Advisers have called on the regulator to tighten the rules on claims management companies after a vulnerable client was left with a bill for more than £11,700.
The warning bells were sounded after one vulnerable client, now being represented by adviser Felix Milton at Philip Milton and Co, was hit with an £11,714 bill on a £32,539 compensation payout.
He said: “In this case, it’s a vulnerable client who tried to cancel but was told he had come too far to do so. It’s ridiculous.”
Mr Milton’s client was invested in potentially illiquid and high-risk investments by the now-defunct discretionary fund manager Organic Investment Management Limited and the advice companies associated with it.
The client claims he was cold-called by the CMC, who is not being named, when the DFM first went into default.
From mid-July to September this year, the client tried to cancel his agreement with the claims company via phone calls and emails after discovering he did not need to pay more than a third of his compensation in fees.
The client was later told he had “come too far” and had “stopped and started too many times” to cancel his agreement with the CMC.
The CMC denied any cold calling and said although the client had made contact about cancelling the claim, he later confirmed he would continue the process in a telephone call with a company director.
According to the Financial Conduct Authority, authorised CMCs must offer a 14-day cooling off period when a customer can cancel a contract without being charged.
After the 14 days the CMC must also allow customers to cancel the agreement, but can charge cancellation fees that are not in excess of what is “reasonable in the circumstances and reflects the work undertaken”.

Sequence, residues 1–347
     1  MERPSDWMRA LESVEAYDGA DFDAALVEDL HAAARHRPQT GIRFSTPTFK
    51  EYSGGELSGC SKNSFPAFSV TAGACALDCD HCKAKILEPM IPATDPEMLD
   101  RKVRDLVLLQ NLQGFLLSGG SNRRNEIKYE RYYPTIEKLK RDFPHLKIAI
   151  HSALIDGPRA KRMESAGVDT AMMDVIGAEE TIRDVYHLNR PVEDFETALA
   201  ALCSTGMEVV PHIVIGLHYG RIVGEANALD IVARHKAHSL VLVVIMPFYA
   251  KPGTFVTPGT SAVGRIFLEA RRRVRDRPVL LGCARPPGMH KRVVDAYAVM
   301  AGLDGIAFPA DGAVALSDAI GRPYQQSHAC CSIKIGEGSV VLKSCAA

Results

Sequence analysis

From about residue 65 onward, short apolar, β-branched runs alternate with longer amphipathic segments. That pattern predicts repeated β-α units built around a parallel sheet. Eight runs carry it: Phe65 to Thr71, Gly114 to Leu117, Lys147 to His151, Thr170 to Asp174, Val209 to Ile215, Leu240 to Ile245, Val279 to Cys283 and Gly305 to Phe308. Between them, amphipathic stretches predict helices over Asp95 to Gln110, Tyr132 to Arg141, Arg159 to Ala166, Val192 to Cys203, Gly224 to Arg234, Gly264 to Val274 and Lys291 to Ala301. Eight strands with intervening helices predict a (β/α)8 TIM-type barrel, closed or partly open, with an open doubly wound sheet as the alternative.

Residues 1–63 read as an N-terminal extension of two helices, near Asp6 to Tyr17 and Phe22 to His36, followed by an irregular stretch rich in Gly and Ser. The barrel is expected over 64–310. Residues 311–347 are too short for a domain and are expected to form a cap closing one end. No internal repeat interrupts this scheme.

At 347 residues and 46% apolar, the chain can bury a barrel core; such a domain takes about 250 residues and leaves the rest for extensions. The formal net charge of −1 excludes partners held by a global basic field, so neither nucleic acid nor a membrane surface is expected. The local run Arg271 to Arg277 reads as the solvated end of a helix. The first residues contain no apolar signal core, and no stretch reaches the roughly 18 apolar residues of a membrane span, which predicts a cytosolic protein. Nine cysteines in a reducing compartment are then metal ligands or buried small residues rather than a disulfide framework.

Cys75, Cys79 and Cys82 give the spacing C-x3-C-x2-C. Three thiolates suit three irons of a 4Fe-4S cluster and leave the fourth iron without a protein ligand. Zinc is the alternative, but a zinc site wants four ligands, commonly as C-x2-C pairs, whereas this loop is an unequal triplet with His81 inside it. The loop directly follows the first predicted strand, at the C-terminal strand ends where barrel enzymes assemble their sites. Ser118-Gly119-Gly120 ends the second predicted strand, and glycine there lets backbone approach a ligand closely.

In October, the client received a letter congratulating him on his self-invested personal pension “win” and paid £11,714 to the CMC – 36 per cent of the total payout.
As a result, he has added his voice to recent calls for the FCA to introduce a fee cap on CMC charges.
Calls for fee reform
The Financial Services Compensation Scheme does not charge individual consumers or CMCs for using its service, and Mr Milton said it was possible to charge a maximum of £375 for the time spent in submitting a claim.
He said: “I would like the regulator to introduce a fee cap. That would destroy their current business model.
“The FCA has decided the defined benefit market is hurting consumers so it has introduced a contingent charging ban. The same should happen for CMCs. A fee cap of £1,000 – win or lose – would sort out a lot of the issues.”
Philip Milton and Co, a discretionary fund manager and adviser with claims management permissions, has secured £861,000 in compensation for Organic clients so far, having charged a total of £8,400 across a number of clients – less than 1 per cent of the total payout.